Higher than normal snow packs pose risk for spring flooding
"Whether it floods or not does come down to how that snow melts'
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Almost a year after the spring floods that lead to the evacuation of several communities in south central B.C., higher than normal snow packs are causing concern ahead of the 2018 melt season.
“When we look at the snow pack it gives us a really good handle on how much water is stored in the snow and that needs to come down when we get into the melt season,” said Dave Campbell, the head of the B.C. River Forecast Centre.
“But really whether it floods or not does come down to how that snow melts,” he said.
A key factor is rain, which drove flooding last year, but higher than normal temperatures can also cause problems.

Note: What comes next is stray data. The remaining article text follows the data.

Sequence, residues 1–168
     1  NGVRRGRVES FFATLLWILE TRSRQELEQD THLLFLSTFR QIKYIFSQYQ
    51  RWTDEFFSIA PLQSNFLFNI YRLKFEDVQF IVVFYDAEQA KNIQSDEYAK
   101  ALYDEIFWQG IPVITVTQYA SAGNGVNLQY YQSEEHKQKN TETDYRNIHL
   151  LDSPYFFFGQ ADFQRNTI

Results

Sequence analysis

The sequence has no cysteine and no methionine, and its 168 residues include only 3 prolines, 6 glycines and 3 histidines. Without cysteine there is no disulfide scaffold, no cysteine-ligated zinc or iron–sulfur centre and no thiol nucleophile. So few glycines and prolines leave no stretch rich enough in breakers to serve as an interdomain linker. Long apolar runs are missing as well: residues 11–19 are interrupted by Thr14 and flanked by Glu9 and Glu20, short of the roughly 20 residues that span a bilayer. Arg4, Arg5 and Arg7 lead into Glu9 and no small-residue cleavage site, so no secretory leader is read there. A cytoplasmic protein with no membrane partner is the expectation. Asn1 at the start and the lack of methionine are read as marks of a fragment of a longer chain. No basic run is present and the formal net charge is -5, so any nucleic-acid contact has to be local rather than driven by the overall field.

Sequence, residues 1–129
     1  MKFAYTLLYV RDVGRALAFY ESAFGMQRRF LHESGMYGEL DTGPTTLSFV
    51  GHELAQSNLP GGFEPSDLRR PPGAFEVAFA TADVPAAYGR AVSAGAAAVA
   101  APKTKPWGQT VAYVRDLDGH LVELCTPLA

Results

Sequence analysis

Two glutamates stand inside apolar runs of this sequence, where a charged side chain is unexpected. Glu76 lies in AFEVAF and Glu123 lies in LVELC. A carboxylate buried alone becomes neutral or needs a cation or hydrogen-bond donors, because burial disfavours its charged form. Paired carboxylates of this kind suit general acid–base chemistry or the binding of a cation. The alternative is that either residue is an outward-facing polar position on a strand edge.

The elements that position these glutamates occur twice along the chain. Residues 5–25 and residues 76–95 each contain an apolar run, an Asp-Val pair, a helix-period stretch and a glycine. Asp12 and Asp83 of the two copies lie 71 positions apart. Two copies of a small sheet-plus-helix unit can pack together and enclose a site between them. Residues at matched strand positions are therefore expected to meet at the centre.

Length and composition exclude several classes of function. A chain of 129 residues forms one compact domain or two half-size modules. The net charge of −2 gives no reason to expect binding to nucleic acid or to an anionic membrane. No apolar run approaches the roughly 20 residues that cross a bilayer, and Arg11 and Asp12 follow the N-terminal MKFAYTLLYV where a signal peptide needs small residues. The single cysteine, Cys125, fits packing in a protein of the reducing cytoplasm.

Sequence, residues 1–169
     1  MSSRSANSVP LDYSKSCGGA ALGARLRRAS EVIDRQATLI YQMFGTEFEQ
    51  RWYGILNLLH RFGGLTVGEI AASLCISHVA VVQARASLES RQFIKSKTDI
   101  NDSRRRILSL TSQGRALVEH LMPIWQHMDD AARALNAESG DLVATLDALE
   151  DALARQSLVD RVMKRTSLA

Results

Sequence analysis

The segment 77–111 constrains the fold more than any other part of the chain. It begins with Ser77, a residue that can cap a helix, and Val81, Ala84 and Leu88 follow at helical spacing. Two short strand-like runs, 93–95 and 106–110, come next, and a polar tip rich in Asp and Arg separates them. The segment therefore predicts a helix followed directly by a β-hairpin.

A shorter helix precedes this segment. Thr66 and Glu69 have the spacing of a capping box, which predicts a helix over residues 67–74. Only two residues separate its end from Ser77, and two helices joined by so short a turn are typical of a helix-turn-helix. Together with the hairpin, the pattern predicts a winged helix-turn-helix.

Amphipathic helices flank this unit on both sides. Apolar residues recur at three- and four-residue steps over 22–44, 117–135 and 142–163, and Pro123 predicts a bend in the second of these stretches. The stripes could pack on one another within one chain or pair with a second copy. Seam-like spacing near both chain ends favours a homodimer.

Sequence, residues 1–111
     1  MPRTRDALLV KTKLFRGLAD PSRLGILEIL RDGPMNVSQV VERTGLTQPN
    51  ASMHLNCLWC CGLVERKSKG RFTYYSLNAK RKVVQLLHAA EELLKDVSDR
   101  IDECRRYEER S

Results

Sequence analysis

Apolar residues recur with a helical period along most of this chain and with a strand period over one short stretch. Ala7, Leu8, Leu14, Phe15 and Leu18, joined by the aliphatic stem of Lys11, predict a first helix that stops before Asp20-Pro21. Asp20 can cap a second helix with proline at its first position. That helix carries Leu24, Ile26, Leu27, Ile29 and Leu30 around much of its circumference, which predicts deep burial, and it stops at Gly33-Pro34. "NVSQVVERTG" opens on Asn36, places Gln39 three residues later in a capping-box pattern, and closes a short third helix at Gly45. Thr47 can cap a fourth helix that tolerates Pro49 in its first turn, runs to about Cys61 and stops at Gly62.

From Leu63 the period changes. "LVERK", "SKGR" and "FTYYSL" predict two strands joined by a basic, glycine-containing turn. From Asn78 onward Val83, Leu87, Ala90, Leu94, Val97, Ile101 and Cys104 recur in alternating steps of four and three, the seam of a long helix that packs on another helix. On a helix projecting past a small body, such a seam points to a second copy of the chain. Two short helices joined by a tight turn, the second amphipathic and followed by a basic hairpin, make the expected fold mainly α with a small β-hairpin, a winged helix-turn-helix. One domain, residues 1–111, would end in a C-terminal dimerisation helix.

The March 1 snow survey shows the snow pack is 144 per cent of normal in the Similkameen basin, 141 per cent of normal in the Okanagan basin, and 136 per cent of normal in the Boundary basin.
The Fraser River basin as a whole is about 110 per cent of normal – below the threshold of 120 per cent that would cause Campbell concern. However, the Fraser, which drains about a quarter of the province and winds through the densely populated Lower Mainland, is always monitored closely, he said.
Typically, the province has about 80 per cent of the snow that’s going to fall by the March 1 survey, but Campbell isn’t expecting to see any decrease in the flood risk before the April 1 survey.
“We’re pretty far along in the season so things could change a little bit but particularly for some of the areas where we are quite high right now I don’t think we’re likely to reduce that risk,” he said.
“We’re probably beyond that level, I think the concern for us is does that risk increase.”
Following the widespread spring flooding in 2017 and the unprecendented widlfire season, the B.C. government launched an independent review of its response. That report, including recommendations related to issues of preparedness, prevention, and response, is expected April 30.